Murder in Mosques
There can be no place for hatred, intolerance and senseless violence anywhere in the world—of the type we witnessed in Christchurch on Friday which has killed at least 49 people so far, including 3 Bangladeshis and injured many more—as of going to print. The senseless killings of devotees in two mosques who had assembled for Friday prayers is the most abhorrent, hateful and appalling act that one has seen in the recent past. While we mourn for those killed and injured, we thank Providence that our national cricket team are safe, having escaped by the skin of their teeth. This act of utter madness and brutality must be condemned by all in the strongest possible term. While we call for the arrest of the killers and their sponsors if any, we feel that our reactions should be modulated by the head and not heart in addressing the matter. We must all make sure that this horrendous situation is not exploited by other religious extremist groups.
Evidently, the killings were well planned and thoroughly coordinated by the perpetrators—there couldn't have been a better time to choose to ensure maximum casualties than a Friday congregation when most of the local Muslims had gathered for this weekly prayer.
Unfortunately, there has been a resurgence of far-right ideology in recent times, coated and garbed under the banner of nationalism. Christchurch killings, sadly is a manifestation of that tribalism espoused and encouraged, regrettably so, in many parts of the world. And one notices with distress the embers of hatred and exclusivity being stoked by some politicians in these countries for political dividends. We suspect that killers have been motivated by this particular ideology and consumed by a pathological hatred for people who believe in a different religious creed than them, betrayed by the manner they went about their killing spree.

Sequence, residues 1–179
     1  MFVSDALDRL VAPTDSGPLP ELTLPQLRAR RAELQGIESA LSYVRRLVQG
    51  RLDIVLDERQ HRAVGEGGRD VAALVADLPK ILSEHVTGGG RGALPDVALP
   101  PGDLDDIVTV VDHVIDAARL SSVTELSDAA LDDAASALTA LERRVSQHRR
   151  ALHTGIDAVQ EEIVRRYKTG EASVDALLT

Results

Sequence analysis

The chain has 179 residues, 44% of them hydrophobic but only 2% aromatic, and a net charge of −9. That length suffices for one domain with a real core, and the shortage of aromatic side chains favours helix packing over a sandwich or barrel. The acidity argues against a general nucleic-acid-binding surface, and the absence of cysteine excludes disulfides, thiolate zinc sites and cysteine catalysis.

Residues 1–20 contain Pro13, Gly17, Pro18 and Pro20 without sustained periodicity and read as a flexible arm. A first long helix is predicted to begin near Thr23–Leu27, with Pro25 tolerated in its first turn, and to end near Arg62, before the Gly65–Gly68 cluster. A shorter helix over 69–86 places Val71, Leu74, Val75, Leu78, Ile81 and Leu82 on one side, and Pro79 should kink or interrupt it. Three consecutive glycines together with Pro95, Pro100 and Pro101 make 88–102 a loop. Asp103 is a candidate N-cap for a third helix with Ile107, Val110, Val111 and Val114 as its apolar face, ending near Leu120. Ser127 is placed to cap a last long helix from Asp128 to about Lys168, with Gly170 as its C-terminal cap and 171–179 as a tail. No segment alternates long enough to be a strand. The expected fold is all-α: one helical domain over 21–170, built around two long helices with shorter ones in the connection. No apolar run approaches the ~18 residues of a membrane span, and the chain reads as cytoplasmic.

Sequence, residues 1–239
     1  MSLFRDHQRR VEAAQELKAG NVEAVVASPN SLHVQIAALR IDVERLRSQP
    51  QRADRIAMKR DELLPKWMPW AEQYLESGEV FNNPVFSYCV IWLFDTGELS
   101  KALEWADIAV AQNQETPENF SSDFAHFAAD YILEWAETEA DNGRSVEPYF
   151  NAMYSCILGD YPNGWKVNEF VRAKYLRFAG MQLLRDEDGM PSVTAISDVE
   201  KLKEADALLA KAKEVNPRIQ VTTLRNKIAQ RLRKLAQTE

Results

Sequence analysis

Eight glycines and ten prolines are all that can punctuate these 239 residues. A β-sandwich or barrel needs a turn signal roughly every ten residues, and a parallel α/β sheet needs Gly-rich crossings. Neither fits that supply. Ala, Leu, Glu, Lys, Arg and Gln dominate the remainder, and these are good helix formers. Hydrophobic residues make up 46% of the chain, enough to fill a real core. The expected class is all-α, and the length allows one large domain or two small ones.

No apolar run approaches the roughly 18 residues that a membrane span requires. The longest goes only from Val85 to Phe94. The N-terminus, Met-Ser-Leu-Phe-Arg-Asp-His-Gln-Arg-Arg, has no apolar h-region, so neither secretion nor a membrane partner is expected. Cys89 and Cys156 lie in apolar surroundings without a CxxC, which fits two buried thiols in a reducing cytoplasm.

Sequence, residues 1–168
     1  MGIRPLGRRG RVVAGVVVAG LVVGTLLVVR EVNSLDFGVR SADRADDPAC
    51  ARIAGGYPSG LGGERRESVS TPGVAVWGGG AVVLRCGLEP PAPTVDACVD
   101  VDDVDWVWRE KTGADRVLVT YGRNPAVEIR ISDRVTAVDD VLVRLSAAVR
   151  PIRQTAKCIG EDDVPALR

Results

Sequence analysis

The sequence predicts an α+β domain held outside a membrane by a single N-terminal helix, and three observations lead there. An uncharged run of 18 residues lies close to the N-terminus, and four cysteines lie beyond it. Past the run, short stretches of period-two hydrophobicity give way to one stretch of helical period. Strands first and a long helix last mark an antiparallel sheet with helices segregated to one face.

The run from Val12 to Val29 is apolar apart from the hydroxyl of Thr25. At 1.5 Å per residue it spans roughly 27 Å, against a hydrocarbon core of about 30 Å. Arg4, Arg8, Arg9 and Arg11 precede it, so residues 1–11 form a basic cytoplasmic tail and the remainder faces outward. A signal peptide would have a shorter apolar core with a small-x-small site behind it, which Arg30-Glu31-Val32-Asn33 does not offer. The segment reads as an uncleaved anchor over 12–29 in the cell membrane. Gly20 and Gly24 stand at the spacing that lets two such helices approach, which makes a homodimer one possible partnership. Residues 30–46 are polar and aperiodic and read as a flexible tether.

While the killings are definitely an act of terror, they do not fit the definition of terrorism—the only intention of the killers was to vent their hatred against a particular minority group, and gain publicity. However, one cannot say with certainty that they do not have other cohorts who share their abhorrence of the "other". And this is what the government of New Zealand must address seriously. It must make sure that such extremist and fanatical views do not get the space or opportunity to breed and gain currency in a country whose ethnic diversity is second to none.